Erica Little and Brian W. Walsh (legal policy analyst and senior legal research fellow) September 17, 2007 “The Gang Abatement and Prevention Act: a counterproductive and unconstitutional intrusion into state and local responsibilities,” http://www.heritage.org/Research/Crime/wm1619.cfm, July 8, 2009, Heritage Foundation, S. 456 is yet another example of Congress's habit of expanding federal criminal law in response to cure all of society's ills. The phenomenon of over-federalization of crime undermines state and local accountability for law enforcement, undermines cooperative and creative efforts to fight crime (which permit the states to carry out their vital roles of acting as "laboratories of democracy"), and injures America's federalist system of government. Although S. 456, in its findings section, purports to recognize the crime-fighting expertise and effectiveness of local authorities, it would further erode state and local law enforcement's primary role in combating common street crime.The findings state that, because state and local prosecutors and law enforcement officers have "the expertise, experience, and connection to the community that is needed to assist in combating gang violence," consultation and coordination among state, local, and federal law enforcement is crucial. The bill characterizes the programs that it would establish, such as the federal-state working groups that would be part of the newly created High Intensity Gang Activity Areas, as attempts to create such collaboration. Nonetheless, the bill would reduce the effectiveness and success of local prosecutors and law enforcement. Whenever state and local officials can blame failures to effectively prosecute crime on federal officials—and vice versa—accountability and responsibility are diluted. Although this is sometimes unavoidable for the limited set of crimes for which there truly is overlapping state and federal jurisdiction, unclear lines of accountability for wholly intrastate crimes are unacceptable. Combating common street crime is a governmental responsibility over which the states have historically been sovereign, with little intervention from the federal government. Federal criminal law should be used only to combat problems reserved to the national government in the Constitution. These include offenses directed against the federal government or its interests, express matters left to the federal government in the Constitution (such as counterfeiting), and commercial crimes with a substantial multi-state or international impact. Most of the basic offenses contained in S. 456 do not fall within any of these categories and so are not within the federal government's constitutional reach. For example, the fact that armed robberies committed by gang members may (rarely) involve interstate travel or some other incidental interstate connection does not justify federal involvement. In fact, the vast majority of prohibited conduct under S. 456 would almost never take place in more than one locale within a single state. Such conduct is, at most, only tangentially interstate in nature and does not justify federal intervention. S. 456 ignores recent decades' lessons on how to successfully reduce crime. New York City and Boston in the 1990s and early 2000s demonstrated that when accountability is enhanced at the state and local levels, local police officials and prosecutors can make impressive gains against crime, including gang crime. By contrast, federalizing authority over crime reduces accountability of local officials because they can pass the buck to federal law enforcement authorities. In addition, over-federalization results in the misallocation of scarce federal law enforcement resources, which in turn leads to selective prosecution. The expansive list of federal gang crimes in the bill would place significant demands on the Federal Bureau of Investigation, the U.S. Attorneys, and other federal law enforcers that would distract them from the truly national problems that undeniably require federal attention, such as the investigation and prosecution of foreign espionage and terrorism. The bill would create 94 additional Assistant U.S. Attorney positions, presumably to handle the increased work load that the new federal "gang crimes" in the bill would create. This dedication of resources not only diverts from more pressing needs that are truly federal, but constitutes legislative micromanaging of the executive branch's ability to enforce the laws.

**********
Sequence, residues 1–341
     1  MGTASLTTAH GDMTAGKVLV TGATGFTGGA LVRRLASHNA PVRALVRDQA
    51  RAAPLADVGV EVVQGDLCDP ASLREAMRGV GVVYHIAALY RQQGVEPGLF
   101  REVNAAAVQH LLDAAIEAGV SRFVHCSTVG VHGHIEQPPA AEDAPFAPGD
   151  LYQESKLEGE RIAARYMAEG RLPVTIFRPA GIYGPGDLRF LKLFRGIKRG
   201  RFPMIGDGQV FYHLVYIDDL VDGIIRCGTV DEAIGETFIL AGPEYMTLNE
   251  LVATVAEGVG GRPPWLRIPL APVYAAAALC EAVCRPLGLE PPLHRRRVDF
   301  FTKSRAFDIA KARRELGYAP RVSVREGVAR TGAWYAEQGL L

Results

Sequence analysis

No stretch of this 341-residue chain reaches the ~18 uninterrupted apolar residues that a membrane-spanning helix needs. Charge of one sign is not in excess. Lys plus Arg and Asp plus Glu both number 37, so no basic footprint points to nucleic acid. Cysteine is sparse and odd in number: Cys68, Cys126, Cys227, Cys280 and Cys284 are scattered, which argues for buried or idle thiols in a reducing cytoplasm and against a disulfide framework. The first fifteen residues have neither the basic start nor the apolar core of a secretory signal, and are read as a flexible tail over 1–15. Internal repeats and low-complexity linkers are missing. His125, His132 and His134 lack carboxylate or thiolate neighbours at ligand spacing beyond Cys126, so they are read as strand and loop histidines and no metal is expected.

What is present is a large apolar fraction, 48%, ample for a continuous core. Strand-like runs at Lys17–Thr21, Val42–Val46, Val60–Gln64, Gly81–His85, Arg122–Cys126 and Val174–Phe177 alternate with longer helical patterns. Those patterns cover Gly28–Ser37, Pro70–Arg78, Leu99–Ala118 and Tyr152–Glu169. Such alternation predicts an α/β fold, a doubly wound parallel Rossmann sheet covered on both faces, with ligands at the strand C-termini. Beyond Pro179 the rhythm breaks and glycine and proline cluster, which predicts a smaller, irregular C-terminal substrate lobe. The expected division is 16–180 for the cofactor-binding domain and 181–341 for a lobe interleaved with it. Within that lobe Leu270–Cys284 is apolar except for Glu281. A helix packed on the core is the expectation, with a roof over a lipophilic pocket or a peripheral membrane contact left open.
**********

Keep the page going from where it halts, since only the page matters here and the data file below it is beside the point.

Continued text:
National Association of Governors 09’-the NGA is a committee formed by the governing head of all states and territories http://www.nga.org/portal/site/nga/menuitem.8358ec82f5b198d18a278110501010a0/?vgnextoid=57c5e790fa435010VgnVCM1000001a01010aRCRD accessed 7/8/09
Congress and the Administration should avoid the imposition of unfunded federal mandates on states.Federal action increasingly has relied on states to carry out policy initiatives without providing necessary funding to pay for these programs. State governments cannot function as full partners in our federal system if the federal government appropriates states’ ability to devise and legislate their own solutions to domestic problems by requiring states to devote their limited resources toward complying with unfunded federal mandates. To provide maximum flexibility and opportunity for innovation, as well as foster administrative efficiency and cross-program coordination, federal-state programs should be designed to meet the following principles. Legislative authorization should be kept current, and all programs should be subject to periodic review. There should be a congressional determination of a compelling need for federal action. Legislation should include clear statements of measurable program objectives to reduce administrative confusion and facilitate judicial interpretation of congressional intent. States should be actively involved in a cooperative effort to develop policy and administrative procedures. Grant requirements should be tied to the purpose of the grant. The federal government should respect the authority of states to determine the allocation of administrative and financial responsibilities within states in accordance with state constitutions and statutes. Federal legislation should not encroach on this authority. Federal programs should aim to encourage compliance through incentives rather than punish non-compliance with the loss of federal funds. Programs should include reasonable incentives to reward states that efficiently manage federally funded programs.